As rivals such as China and Russia continue space exploration and development, including development of military capabilities in space, it has become imperative for the United States to stay ahead of the world. A significant portion of the future economy will also be connected to and part of travel to outer space in multiple ways.
In a statement, NASA Administrator Jim Bridenstine said, “President Donald Trump has asked NASA to accelerate our plans to return to the moon and to land humans on the surface again by 2024. We will go with innovative new technologies and systems to explore more locations across the surface than was ever thought possible. This time, when we go to the moon, we will stay. And then we will use what we learn on the moon to take the next giant leap—sending astronauts to Mars.”
At the 2019 Paris Air Show on June 17, Bridenstine gave details of NASA’s plans to put astronauts back on the moon by 2024 with the goal of further space exploration beyond the moon.
“We’ve got the SLS rocket—the Space Launch System, the largest rocket ever built in history that’s going to take our crew, in other words the Orion crew capsule with the European Service Module, to the moon. You saw in the video that we’re building the gateway. Think of a small space station in orbit around the moon. The first elements of the gateway are the power and propulsion element and a mini-habitation module. Ultimately, what the gateway will be used for in the year 2024 is to get humans down to the surface of the moon.”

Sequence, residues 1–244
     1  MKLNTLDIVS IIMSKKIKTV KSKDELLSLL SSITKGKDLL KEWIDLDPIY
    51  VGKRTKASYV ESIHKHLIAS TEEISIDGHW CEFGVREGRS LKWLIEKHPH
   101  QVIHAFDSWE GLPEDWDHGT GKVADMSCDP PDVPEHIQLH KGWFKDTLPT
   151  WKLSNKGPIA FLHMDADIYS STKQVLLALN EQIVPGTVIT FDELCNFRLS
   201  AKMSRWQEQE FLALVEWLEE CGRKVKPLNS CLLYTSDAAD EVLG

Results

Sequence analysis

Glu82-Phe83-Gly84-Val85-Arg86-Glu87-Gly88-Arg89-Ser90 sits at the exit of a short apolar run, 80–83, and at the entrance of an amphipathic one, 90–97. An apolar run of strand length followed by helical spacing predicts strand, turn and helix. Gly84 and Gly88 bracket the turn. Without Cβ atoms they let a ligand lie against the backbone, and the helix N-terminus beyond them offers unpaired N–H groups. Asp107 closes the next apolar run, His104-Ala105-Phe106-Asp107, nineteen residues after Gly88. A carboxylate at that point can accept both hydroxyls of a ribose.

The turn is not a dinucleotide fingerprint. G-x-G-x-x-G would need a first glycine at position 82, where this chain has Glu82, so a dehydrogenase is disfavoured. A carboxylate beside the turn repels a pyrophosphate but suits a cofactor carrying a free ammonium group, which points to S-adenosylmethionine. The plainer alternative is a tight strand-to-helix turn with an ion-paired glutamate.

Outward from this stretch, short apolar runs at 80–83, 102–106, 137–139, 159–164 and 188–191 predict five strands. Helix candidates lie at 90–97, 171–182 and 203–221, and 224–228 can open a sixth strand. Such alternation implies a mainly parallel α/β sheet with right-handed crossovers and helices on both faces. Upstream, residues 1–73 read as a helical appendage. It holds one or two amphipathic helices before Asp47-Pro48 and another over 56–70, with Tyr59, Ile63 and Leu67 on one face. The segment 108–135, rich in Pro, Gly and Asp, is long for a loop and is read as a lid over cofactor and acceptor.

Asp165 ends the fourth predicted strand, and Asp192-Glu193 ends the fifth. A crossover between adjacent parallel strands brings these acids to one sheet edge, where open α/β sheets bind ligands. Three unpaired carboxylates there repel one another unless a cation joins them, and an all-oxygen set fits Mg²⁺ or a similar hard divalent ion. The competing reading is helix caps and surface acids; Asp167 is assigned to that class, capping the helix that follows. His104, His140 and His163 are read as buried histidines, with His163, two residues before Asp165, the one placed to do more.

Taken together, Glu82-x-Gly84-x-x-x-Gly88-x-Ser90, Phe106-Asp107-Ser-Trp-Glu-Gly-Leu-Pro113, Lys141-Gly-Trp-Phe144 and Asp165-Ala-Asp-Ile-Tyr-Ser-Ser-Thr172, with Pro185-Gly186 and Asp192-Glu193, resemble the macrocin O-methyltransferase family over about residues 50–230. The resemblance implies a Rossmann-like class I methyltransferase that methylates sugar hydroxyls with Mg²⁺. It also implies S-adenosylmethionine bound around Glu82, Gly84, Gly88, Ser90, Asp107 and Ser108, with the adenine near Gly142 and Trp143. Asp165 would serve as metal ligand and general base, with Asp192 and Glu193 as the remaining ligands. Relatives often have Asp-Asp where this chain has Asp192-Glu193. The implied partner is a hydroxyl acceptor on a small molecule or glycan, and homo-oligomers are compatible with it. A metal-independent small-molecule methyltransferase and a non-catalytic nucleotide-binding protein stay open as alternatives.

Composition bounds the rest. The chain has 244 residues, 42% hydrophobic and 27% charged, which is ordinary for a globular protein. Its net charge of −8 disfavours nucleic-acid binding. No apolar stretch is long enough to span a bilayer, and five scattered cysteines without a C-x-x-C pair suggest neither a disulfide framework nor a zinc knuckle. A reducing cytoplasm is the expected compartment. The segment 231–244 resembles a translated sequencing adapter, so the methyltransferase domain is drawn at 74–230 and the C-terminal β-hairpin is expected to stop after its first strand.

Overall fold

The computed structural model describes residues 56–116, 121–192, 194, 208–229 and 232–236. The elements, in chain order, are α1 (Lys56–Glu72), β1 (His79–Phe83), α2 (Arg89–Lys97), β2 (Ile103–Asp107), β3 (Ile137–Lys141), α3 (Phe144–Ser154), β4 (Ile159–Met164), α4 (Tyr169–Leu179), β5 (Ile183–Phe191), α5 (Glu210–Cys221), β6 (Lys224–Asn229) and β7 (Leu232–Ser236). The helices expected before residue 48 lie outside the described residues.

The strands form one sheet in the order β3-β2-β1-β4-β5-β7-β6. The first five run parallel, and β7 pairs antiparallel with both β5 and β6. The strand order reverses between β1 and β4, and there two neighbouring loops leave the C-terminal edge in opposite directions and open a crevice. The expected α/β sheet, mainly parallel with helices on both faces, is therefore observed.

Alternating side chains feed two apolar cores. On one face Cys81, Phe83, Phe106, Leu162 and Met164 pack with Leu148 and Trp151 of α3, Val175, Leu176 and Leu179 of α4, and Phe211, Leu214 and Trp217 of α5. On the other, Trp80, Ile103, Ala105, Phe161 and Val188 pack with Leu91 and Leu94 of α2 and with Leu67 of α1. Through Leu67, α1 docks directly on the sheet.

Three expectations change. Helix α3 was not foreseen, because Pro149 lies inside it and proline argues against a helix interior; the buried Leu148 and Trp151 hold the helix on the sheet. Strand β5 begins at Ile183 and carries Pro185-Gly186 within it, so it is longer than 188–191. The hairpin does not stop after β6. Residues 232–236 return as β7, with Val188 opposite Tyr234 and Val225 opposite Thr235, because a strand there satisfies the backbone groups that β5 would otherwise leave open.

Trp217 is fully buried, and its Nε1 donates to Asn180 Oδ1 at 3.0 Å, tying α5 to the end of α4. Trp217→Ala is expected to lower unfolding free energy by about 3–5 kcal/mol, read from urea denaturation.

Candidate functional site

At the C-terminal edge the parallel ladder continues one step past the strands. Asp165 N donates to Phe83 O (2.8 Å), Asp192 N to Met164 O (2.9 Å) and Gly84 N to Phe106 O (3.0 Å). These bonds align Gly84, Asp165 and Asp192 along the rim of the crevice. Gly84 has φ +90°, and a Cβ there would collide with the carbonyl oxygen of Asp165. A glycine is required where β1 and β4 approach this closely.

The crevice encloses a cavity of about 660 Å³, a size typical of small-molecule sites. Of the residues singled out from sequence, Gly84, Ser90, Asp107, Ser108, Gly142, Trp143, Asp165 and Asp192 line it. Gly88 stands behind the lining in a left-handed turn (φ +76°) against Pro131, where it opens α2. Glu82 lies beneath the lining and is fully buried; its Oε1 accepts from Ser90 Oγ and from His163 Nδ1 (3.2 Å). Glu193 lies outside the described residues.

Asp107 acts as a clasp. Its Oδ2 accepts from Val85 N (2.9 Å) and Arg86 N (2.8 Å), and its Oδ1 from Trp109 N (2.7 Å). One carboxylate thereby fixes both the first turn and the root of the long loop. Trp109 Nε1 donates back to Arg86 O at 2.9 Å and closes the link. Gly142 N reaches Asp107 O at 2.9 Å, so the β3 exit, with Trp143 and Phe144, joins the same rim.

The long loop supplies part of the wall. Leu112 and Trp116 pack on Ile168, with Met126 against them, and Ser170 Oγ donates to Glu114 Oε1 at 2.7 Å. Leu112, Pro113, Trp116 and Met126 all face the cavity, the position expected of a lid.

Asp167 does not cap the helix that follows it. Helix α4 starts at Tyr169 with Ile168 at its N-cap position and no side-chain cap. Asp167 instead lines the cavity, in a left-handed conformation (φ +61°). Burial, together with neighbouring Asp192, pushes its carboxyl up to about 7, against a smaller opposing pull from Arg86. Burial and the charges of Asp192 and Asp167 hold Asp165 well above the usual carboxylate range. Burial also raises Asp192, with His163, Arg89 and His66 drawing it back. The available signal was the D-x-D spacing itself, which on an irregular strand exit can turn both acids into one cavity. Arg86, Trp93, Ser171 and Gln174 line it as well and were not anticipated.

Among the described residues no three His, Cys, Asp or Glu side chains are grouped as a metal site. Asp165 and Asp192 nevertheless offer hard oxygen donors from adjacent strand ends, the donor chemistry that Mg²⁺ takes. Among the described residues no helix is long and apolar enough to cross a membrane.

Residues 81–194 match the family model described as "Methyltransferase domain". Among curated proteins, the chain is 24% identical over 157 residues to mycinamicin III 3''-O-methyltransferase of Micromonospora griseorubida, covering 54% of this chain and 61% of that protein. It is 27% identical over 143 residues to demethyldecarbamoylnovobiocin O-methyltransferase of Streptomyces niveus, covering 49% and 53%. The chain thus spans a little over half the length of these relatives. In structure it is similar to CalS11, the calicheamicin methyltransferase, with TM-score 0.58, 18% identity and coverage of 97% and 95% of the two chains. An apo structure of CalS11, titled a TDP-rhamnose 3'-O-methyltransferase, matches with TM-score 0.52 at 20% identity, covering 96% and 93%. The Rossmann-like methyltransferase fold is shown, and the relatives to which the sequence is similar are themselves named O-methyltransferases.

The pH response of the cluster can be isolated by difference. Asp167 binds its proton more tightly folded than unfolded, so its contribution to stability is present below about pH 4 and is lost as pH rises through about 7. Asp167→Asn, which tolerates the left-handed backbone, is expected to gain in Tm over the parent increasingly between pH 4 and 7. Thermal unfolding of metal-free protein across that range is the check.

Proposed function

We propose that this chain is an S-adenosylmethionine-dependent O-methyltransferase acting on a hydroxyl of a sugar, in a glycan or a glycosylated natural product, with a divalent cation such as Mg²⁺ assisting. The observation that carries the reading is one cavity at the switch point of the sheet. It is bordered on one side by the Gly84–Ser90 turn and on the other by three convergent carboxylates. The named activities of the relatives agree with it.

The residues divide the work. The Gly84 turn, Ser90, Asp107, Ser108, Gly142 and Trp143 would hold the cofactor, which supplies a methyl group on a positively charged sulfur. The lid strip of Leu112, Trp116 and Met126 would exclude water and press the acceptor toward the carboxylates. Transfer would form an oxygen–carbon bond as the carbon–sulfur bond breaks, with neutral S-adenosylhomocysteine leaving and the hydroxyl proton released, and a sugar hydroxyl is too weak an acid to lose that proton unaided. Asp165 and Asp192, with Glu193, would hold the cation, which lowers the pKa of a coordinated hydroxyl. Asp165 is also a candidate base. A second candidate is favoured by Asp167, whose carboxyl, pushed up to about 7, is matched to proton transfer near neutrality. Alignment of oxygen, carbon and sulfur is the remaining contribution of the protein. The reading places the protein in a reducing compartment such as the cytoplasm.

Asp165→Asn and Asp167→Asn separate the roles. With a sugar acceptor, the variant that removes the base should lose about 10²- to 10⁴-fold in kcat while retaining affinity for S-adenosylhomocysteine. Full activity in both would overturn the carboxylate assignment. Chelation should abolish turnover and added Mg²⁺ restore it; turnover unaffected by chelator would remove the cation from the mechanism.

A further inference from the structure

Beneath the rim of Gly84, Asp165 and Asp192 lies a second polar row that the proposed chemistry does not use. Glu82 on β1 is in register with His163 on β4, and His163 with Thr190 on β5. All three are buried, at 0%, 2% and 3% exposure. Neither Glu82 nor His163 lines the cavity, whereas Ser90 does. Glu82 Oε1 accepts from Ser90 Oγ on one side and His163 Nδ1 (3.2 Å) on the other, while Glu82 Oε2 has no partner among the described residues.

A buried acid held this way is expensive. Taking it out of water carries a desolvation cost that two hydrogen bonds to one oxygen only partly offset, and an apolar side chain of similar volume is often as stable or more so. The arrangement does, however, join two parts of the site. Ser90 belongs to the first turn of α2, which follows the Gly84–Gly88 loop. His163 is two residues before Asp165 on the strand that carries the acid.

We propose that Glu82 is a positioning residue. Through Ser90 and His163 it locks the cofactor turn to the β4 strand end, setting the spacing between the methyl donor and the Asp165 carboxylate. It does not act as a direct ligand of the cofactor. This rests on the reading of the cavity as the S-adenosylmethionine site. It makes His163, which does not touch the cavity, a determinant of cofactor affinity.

Bridenstein then shared how travel to the moon and the feasibility of an orbiting moon module as well as further space travel drastically changed in 2009 with an incredible discovery on the moon.
“Well in 2009 we made a massive discovery: hundreds of millions of tons of water ice on the South Pole of the moon. Water ice is life support. It’s air to breath. It’s water to drink. It’s also rocket propellent. Hydrogen and oxygen is the same rocket propellent that powered the space shuttles, it’s the same rocket propellent that will power the space launch system and it’s available in hundreds of millions of tons on the South Pole of the moon.”
Bridenstine then explained the long-term goals and that ultimately the moon is a stepping stone, initially to Mars and then potentially beyond.
“We have to learn how to live and work on another world. The moon is a three day journey home, unlike Mars, which you have to be there for a couple of years. I would also say that we have to be careful though not to get anchored on the moon. We want to make sure that we’re keeping our eyes on the horizon goal that is Mars. The moon is the proving ground—Mars is where we need to go.”